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GOP shelves abortion ban vote after women revolt

After a dispute over a provision requiring rape victims to report to the police before obtaining an abortion, GOP will vote on another anti-abortion bill

WASHINGTON -- House Republicans have hastily shelved plans to vote Thursday on a bill that would ban abortions after 20 weeks, after a revolt within their ranks led by female members. They objected to a provision that required rape victims to report to law enforcement before they qualified for an exception under the bill. 

Instead, the House is set to vote on HR7, the so-called No Taxpayer Funding For Abortion Act, which attacks private insurance coverage of the procedure. (Medicaid and other public funding for abortion is already banned except in cases of rape, incest and life endangerment.)

RELATED: 42 years after Roe v. Wade

For days, reports had surfaced that female Republicans were furious about the measure, despite the fact that several of them had voted for the same language in 2013. The so-called Pain-Capable Unborn Child Protection Act was unlikely to pass in the Senate and faced a certain veto from President Obama. But the vote was timed to galvanize the hundreds of thousands of anti-abortion activists expected Thursday on the National Mall to protest the 42nd anniversary of the Supreme Court's Roe v. Wade decision.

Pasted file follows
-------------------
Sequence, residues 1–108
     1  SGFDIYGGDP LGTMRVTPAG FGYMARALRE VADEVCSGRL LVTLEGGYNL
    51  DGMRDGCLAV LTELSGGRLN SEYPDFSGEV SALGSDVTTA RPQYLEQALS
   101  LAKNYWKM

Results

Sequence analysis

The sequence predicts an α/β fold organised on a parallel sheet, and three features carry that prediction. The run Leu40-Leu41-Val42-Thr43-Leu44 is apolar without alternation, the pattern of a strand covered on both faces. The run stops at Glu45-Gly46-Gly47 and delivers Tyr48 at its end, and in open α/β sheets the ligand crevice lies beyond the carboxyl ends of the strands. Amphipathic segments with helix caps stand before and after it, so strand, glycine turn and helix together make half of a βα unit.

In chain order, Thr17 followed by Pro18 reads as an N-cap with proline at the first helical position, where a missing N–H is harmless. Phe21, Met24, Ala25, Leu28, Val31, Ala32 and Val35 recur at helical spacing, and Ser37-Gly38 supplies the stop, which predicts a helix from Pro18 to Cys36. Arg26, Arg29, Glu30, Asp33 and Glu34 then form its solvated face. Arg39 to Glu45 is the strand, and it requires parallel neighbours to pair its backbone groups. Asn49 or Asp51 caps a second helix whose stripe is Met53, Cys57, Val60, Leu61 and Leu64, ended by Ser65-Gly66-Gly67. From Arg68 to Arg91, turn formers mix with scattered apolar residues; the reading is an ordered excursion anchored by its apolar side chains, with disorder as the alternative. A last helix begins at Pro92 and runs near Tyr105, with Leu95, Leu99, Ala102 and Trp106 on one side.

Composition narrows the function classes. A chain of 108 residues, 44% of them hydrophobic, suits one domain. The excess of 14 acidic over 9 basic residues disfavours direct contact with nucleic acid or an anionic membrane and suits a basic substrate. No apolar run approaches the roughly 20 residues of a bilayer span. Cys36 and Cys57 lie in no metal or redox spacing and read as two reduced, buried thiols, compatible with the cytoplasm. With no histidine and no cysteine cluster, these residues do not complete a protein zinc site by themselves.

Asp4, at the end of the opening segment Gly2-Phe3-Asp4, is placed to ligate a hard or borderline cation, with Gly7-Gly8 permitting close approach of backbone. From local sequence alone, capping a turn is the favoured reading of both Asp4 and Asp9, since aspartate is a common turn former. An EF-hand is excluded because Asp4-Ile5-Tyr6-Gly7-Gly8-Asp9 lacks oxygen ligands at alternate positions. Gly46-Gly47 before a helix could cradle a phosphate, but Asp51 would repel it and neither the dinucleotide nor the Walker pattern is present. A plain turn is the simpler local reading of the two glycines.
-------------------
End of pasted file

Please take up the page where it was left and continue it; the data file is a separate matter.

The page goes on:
A senior GOP leadership aide told NBC News late Wednesday that top Republicans still intended to bring the bill back up for a vote later this year. "Our conference needs a little more time," the aide said.

RELATED: New GOP abortion ban is dividing the party

The Washington Post reported that female members were seen meeting with leadership Wednesday afternoon, and noted, "In a caucus dominated by men, a meeting with top leaders requested and attended almost exclusively by women is a rare sight." But many of the women spotted there, led by Rep. Renee Ellmers of North Carolina, are in swing districts and may fear the 2016 electoral climate after such a vote. Ellmers' office did not immediately respond to a request for comment as to why she voted for the same language in 2013.

The GOP's move quickly infuriated social conservatives. Prominent anti-abortion activist Jill Stanek tweeted that House Majority Leader Kevin McCarthy canceled on a meeting with activists, and other activists said they felt betrayed or talked of primaries.

Pro-choice organizations couldn't hide their glee. "I never thought I would see the day that the Tea Party-led House of Representatives would wake up to the fact that their priorities—outright abortion bans--are way out of touch with the American people. The GOP drafted a bill so extreme and so out of touch with the voters that even their own membership could not support," said NARAL Pro-Choice America president Ilyse Hogue. And Planned Parenthood president Cecile Richards said, "These attacks are so dangerous, extreme, and unpopular that House Republicans can't even get their membership lined up behind them."